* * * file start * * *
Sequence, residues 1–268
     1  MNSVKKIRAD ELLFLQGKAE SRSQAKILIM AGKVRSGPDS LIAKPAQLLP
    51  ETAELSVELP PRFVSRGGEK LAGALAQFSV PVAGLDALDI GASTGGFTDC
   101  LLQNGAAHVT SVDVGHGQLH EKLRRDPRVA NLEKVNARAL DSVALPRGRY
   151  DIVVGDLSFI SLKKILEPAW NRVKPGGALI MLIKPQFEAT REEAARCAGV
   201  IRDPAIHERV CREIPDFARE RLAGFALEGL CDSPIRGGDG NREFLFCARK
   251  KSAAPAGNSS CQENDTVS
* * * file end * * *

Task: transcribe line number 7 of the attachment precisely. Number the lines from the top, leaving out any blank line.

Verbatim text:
   251  KSAAPAGNSS CQENDTVS